Nudibranch Similarities

Risbecia tryoni group

Author: Nila Murti

Risbecia tryoni has somewhat longish body form compared to Chromodoris leopardus which is more oval like. It also has a reduced mantle overlap, while Chromodoris leopardus has a wide mantle overlap. Both have very narrow purple colour band at the mantle edge. However in Chromodoris leopardus there is a second, broader white border immediately inside.

Perhaps the clearest difference is in the markings on the purplish or brownish mantle; Risbecia tryoni has dark round spots encircled by whites, while in Chromodoris leopardus the white-haloed markings are hollow rings, like in its namesake, the leopard.

Risbecia tryoni from Taka Bonerate, Indonesia
(467 photos)
 

Tambja affinis group

Author: Dr. Richard C. Willan

Roboastra luteolineata: Feeds voraciously on other nudibranchs; has very large oral tentacles; two pale stripes on the head between the rhinophores, neither of them expanded; no colour band around the rhinophoral sheath.

Tambja affinis or Tambja victoriae: Feeds on bryozoans; has relatively small oral tentacles; one pale stripe on the middle of the head between the rhinophores that is expanded; pale colour band around rhinophoral sheath.

Since they are so similarly coloured overall, perhaps some mimicry is going on.

The ways to separate Tambja affinis, Tambja victoriae and other Tambja species are set out nicely and clearly on Tambja affinis colour group in the Sea Slug Forum

Tambja affinis from Koh Tachai, Thailand
(32 photos)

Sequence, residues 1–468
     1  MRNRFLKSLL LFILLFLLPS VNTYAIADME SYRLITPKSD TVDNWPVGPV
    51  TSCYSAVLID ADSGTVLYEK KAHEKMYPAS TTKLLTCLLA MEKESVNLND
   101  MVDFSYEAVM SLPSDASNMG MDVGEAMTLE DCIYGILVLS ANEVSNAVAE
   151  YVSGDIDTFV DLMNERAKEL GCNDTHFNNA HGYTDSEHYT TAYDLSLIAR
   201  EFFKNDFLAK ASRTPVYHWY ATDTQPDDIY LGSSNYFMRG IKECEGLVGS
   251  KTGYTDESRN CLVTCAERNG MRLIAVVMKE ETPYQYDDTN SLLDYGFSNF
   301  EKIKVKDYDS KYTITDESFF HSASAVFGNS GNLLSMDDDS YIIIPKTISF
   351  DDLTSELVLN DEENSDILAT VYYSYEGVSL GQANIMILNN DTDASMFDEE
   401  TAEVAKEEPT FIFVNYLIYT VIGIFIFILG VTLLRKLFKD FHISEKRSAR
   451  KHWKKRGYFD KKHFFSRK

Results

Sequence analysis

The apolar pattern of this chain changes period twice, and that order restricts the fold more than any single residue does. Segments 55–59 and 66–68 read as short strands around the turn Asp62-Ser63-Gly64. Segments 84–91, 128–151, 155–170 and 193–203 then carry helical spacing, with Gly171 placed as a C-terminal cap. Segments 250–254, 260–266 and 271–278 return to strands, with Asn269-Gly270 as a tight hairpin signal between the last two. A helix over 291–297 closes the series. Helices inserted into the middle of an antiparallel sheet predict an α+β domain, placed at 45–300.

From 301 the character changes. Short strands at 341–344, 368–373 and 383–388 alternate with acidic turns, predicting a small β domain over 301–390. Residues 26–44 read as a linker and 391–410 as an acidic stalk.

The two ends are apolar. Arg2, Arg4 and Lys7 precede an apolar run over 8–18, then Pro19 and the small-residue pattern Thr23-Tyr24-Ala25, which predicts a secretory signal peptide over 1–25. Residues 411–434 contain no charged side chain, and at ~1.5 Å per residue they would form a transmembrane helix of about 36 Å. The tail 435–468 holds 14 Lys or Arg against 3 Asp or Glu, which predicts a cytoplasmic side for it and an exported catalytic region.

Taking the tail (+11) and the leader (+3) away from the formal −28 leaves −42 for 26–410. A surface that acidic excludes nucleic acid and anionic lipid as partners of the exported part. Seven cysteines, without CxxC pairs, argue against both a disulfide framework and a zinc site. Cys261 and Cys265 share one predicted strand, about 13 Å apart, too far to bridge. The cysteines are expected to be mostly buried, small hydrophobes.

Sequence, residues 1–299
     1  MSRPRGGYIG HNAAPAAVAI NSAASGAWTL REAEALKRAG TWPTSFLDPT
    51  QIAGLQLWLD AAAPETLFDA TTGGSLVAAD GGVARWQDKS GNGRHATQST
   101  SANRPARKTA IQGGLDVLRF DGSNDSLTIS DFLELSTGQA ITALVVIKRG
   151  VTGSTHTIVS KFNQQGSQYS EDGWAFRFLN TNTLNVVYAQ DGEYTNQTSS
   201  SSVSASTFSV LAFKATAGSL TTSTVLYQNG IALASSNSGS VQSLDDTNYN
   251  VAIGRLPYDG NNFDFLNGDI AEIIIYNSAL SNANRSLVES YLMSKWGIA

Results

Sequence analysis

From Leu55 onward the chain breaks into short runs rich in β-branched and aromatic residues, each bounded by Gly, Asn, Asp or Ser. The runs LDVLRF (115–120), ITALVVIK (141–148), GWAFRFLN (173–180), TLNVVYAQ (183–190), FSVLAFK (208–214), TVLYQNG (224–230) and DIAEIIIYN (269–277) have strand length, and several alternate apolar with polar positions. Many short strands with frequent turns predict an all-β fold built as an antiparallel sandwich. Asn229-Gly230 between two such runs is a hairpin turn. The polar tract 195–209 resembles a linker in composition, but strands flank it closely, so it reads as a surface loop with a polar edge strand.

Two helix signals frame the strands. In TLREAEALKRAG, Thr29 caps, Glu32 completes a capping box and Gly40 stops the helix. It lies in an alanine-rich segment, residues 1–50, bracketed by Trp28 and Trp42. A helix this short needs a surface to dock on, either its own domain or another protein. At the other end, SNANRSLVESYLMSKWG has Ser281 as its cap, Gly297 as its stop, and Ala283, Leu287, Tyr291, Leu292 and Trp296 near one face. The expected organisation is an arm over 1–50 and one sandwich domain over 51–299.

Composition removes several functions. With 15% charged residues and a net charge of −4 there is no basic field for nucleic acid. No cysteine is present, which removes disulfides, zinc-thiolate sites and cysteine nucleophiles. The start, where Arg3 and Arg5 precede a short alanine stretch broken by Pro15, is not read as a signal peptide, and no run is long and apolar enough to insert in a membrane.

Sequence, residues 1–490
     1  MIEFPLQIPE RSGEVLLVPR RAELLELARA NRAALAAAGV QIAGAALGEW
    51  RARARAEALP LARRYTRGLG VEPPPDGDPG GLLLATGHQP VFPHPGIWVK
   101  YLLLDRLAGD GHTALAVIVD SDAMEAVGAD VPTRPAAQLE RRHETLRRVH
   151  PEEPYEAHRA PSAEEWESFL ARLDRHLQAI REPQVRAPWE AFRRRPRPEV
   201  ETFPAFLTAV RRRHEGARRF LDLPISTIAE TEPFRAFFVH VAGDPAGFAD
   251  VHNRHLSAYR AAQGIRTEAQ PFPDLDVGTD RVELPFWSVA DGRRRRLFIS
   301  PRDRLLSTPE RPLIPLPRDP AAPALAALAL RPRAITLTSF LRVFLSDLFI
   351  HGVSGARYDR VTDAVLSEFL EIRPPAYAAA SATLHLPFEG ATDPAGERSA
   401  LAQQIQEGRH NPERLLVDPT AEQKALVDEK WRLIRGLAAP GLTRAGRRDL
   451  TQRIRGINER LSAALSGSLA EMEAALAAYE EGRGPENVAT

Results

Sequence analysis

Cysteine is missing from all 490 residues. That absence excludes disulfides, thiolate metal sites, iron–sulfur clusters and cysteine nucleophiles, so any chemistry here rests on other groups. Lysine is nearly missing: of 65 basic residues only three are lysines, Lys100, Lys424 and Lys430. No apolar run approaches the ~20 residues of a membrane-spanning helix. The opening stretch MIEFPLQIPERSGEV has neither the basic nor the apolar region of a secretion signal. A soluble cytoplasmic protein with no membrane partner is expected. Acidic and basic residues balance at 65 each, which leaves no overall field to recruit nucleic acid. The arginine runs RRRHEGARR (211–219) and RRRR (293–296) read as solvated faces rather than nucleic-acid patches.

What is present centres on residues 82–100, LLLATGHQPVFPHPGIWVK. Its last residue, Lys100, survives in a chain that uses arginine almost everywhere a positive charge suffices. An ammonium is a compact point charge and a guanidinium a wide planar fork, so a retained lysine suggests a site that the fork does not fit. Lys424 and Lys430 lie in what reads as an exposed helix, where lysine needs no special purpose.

Tambja gabrielae from Bali, IndonesiaIdentification reviewed by Richard Willan
(66 photos)
Tambja olivaria from Phuket, ThailandIdentification reviewed by Richard Willan
(12 photos)
Tambja victoriae from Queensland, AustraliaIdentification reviewed by Richard Willan
(4 photos)
 

Thorunna furtiva group

Thorunna daniellae from Bali, Indonesia
(53 photos)
Thorunna furtiva from Piti Channel, Guam
(51 photos)
 

Triopha maculata group

Rostanga pulchra from California, USAIdentification reviewed by Gary McDonald
(14 photos)
Triopha maculata from California, USAIdentification reviewed by Gary McDonald
(18 photos)
 

Tritoniopsis elegans group

Author: Dr. Richard Willan

At the present time Tritoniopsis elegans is known from the Red Sea and eastern coast of Africa. It is closely related to Tritoniopsis alba from the tropical western Pacific Ocean. In fact, some people have speculated they may be the same species, in which case the name would have to be Tritoniopsis elegans because it is older. However, until a comparative anatomical study, possibly reinforced with molecular data, has been undertaken and published it is advisable to consider them as separate species.

Tritoniopsis alba from Lailai Rock Fishing Area, Taiwan
(25 photos)